That the house ended up being reduced so drastically was down to the implosion of the Milwards. Sir Thomas’s son Robert was equally successful as his father, despite being a second son, for the eldest William, was settled at the family’s estate at Chilcote, on the Staffordshire border.

Robert was born in 1616, was called to the bar (being made a KC in 1668) and was appointed a Justice in the Chester circuit, like his father, in 1661 (probably as a reward for the family’s loyalty to the exiled Charles II during Cromwell’s ‘crowned republic’); he was also Recorder of Stafford and was elected MP for that borough in 1661, serving until his death in 1674.

Unfortunately, his wife, Isabella, daughter and co-heiress of Sir John Zouche of Codnor Castle, died without having had children and Robert took up with another lady, unnamed, but called his wife in the History of Parliament, by whom he had four sons and four daughters. However, it is clear they were not married, for, on his death at 58, the estate passed to his sister Elizabeth, who had married Godfrey Clarke of Somersall Hall, Brampton, near Chesterfield. Clearly Robert’s offspring were regarded as illegitimate and thus incapable of inheriting without specific legal provision.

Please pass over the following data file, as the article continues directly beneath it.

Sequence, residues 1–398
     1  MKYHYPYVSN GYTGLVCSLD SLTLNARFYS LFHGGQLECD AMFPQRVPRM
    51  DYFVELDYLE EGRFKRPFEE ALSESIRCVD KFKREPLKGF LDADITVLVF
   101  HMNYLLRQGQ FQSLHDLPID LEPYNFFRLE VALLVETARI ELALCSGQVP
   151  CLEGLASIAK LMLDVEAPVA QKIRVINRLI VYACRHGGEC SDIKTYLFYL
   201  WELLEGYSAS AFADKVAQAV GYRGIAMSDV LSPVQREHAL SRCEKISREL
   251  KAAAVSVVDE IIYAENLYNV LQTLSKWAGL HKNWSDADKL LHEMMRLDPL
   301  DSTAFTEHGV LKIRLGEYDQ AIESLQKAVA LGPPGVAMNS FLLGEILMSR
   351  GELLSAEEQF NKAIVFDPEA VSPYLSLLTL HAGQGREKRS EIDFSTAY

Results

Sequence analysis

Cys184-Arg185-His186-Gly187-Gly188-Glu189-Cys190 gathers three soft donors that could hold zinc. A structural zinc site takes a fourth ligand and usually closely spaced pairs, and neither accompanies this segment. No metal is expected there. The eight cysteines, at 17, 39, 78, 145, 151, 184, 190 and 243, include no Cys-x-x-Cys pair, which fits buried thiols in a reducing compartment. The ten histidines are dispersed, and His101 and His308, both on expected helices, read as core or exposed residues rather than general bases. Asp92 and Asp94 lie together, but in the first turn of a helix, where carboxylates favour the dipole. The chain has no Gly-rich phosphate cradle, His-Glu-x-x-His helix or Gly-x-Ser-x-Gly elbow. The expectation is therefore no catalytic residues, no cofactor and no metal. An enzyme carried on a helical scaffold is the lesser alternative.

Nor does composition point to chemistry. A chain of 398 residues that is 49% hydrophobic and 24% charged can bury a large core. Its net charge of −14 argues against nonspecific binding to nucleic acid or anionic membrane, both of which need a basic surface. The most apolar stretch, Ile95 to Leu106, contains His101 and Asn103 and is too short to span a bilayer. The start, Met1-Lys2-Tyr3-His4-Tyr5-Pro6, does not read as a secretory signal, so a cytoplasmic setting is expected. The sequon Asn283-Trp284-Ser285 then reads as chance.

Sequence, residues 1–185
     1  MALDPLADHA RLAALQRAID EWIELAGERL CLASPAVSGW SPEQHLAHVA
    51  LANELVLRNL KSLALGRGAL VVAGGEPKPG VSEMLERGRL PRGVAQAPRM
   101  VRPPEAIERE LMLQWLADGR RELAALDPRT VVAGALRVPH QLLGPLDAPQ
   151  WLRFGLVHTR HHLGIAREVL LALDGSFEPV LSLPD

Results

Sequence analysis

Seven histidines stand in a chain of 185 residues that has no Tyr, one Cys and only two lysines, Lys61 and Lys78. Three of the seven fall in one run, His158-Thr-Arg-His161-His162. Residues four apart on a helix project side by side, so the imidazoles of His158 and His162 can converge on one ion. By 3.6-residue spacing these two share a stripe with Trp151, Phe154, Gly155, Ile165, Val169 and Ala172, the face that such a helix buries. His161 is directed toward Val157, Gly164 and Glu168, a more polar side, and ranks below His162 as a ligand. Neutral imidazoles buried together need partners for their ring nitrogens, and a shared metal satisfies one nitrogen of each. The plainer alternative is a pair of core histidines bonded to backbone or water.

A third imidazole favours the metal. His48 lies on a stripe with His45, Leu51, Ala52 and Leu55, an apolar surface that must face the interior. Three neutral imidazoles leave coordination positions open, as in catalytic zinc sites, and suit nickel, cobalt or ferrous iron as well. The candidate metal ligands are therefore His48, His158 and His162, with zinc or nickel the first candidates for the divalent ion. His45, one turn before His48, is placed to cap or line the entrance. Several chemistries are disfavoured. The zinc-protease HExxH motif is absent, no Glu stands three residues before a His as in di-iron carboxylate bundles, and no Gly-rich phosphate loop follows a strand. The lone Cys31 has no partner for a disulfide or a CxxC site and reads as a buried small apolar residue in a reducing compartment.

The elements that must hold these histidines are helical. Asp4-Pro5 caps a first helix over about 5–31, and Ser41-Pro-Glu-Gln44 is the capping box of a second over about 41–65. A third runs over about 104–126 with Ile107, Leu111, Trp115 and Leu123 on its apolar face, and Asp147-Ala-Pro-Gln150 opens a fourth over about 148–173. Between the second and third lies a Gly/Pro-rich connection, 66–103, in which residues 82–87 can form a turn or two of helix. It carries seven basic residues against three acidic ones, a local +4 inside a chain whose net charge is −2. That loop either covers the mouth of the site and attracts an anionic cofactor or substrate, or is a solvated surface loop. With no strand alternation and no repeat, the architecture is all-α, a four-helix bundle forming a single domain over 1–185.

Unfortunately, neither Clarke nor his descendants needed the house at Eaton, for after the family left Somersall, they inherited Sutton Scarsdale, a succession of heiresses steadily marrying up so that by the early nineteenth century, the head of the family was the Hon. Charles Butler-Clarke-Southwell-Wandesford, who inherited it from his elder brother, the 1st Marquess of Ormonde. He sold Sutton Scarsdale to the Arkwrights and settled at Kirklington Hall in Yorkshire, another of his numerous inherited estates.

Needless to say, Sir Thomas Milward’s rather grand house at Eaton Dovedale was completely surplus to requirements and was probably then reduced to a manageable size and let as a tenanted farm of more than 150 acres. Yet in 1789, the house was described as ruinous, and in 1821, a new house was built over part of the site, incorporating the cellars of the old hall, as Bulmer’s directory (1895) avers. This, added to in the 19th century, is now listed grade II, but Tilley recorded in 1891 that the last vestiges of the old hall were the other week’ carted away.  

Tilley’s illustration shows the house not particularly ruinous but divided, with a lesser dwelling to the left, implying that it was drawn whilst at least some of it was in use, or copied from an illustration taken when it was.